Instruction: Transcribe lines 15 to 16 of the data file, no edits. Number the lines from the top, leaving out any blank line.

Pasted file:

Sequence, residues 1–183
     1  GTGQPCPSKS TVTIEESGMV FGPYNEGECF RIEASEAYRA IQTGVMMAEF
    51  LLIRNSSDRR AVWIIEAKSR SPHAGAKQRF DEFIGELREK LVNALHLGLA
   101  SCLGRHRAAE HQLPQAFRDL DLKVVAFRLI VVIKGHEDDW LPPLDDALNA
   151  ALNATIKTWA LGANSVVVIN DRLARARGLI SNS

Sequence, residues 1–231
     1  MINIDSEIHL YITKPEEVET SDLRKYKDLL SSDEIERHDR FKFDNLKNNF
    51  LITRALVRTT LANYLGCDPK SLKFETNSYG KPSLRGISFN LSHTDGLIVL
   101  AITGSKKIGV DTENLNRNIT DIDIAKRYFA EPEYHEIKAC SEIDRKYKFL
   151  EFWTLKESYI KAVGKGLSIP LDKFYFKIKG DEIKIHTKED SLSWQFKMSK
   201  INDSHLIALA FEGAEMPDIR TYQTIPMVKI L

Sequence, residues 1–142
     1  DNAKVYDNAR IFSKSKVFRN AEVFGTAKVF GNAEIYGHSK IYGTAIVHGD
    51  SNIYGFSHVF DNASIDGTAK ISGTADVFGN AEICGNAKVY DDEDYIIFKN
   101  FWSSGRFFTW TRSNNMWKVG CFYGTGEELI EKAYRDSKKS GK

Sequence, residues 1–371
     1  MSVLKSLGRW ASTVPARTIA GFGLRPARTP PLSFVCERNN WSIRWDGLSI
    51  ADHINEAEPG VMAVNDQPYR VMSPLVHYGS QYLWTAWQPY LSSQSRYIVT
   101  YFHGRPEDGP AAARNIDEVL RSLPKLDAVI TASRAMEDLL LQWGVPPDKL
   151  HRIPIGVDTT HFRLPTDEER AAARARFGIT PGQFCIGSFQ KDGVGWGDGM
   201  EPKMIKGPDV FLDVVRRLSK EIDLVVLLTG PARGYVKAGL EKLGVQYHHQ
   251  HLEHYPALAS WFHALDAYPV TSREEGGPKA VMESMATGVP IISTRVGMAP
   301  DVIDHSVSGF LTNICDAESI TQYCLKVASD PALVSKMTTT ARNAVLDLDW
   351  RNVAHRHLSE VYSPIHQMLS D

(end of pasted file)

   101  FWSSGRFFTW TRSNNMWKVG CFYGTGEELI EKAYRDSKKS GK

Sequence, residues 1–371